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techpaper-3dtechpaper-4d BOSFA prides itself on their technical ability and hence numerous technical papers and brochures have been published in relation to Fibre Reinforced Concrete (FRC).

If the information you require is not available in the below listed documents please contact your local Business Development Manager to discuss your requirements or visit our:

Frequently Asked Questions

Concrete is a brittle material and if uncracked any reinforcing placed with in the concrete matrix is redundant but 90% of the time concrete will fatigue and show signs of cracking but to where is hard to predict but how much it will crack can be determined and controlled by means of reinforcement. What type of reinforcing and the material properties of the reinforcing play a major role in the redistribution of these stresses and how significant the crack widths will be.

The articles in this section hopefully give the reader a better understanding of the appropriate fibre to be used for a given application. It is also worth noting that Fibre technology is changing all the time and new and innovative products, techniques and methods for placing Fibre Reinforced concrete are always being developed.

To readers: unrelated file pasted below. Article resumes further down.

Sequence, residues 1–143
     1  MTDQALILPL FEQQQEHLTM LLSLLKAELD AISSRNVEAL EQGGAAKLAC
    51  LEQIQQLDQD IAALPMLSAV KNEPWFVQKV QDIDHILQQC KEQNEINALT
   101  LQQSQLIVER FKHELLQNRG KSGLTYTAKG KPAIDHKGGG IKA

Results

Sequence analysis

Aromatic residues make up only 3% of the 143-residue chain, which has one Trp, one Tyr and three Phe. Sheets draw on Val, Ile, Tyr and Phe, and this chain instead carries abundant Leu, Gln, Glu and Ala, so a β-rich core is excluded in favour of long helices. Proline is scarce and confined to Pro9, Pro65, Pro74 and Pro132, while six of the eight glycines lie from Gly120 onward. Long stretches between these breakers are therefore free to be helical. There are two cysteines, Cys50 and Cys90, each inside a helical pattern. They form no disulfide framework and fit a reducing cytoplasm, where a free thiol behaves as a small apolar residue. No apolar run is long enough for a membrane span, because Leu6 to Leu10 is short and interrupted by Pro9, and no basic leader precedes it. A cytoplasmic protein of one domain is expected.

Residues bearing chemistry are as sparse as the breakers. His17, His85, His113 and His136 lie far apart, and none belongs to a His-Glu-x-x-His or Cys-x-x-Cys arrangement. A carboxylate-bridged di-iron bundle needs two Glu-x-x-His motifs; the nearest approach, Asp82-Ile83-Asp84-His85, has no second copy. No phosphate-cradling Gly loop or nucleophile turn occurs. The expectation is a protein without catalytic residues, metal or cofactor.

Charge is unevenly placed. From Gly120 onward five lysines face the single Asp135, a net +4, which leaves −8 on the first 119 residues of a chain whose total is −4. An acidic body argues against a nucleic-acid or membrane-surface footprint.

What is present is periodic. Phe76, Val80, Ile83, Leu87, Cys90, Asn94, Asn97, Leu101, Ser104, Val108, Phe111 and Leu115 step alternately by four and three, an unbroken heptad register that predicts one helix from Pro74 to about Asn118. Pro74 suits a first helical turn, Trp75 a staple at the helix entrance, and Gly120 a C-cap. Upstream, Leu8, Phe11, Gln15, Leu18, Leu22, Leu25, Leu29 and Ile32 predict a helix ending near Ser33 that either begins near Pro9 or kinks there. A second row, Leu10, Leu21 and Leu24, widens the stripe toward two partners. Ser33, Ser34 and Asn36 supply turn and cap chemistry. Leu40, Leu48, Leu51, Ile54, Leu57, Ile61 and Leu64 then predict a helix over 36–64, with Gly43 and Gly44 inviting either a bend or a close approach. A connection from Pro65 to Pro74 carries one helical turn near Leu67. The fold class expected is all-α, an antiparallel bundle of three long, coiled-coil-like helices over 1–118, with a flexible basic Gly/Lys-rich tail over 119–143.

QA / QC / CE Certification

What is CE and what does it mean for Steel fibres and how they are classified?

CEEN14889-1 is currently the only performance based manufacturing standard for steel fibres, which means it requires manufacturers to declare the fibre dosage required to meet a standard performance level. Every pallet of product supplied to market has a CE label that details the manufacturing facility, fibre tensile strength, geometry and importantly this minimum dosage.

Handling and Batching


handling3handling2handlingFibres can either work with conventional mesh/bar to give tighter crack control and enhanced durability or they can completely replace mesh/bar to provide composite elements that are not only easier and faster to construct but offer enhanced performance in terms of load carrying capacity, durability, impact resistance and fatigue performance. However, in order to do that it is absolutely essential that the fibres are dosed and mixed into the concrete such that they are uniformly distributed right through the parent matrix rather than sitting together in large clumps or balls that not only reduce the effective fibre dosage but can block pumps and lines. The dosing and mixing procedure will change dependent on whether the fibres are loose, collated and glued, or bundled in some other way. Product must be kept undercover & dry.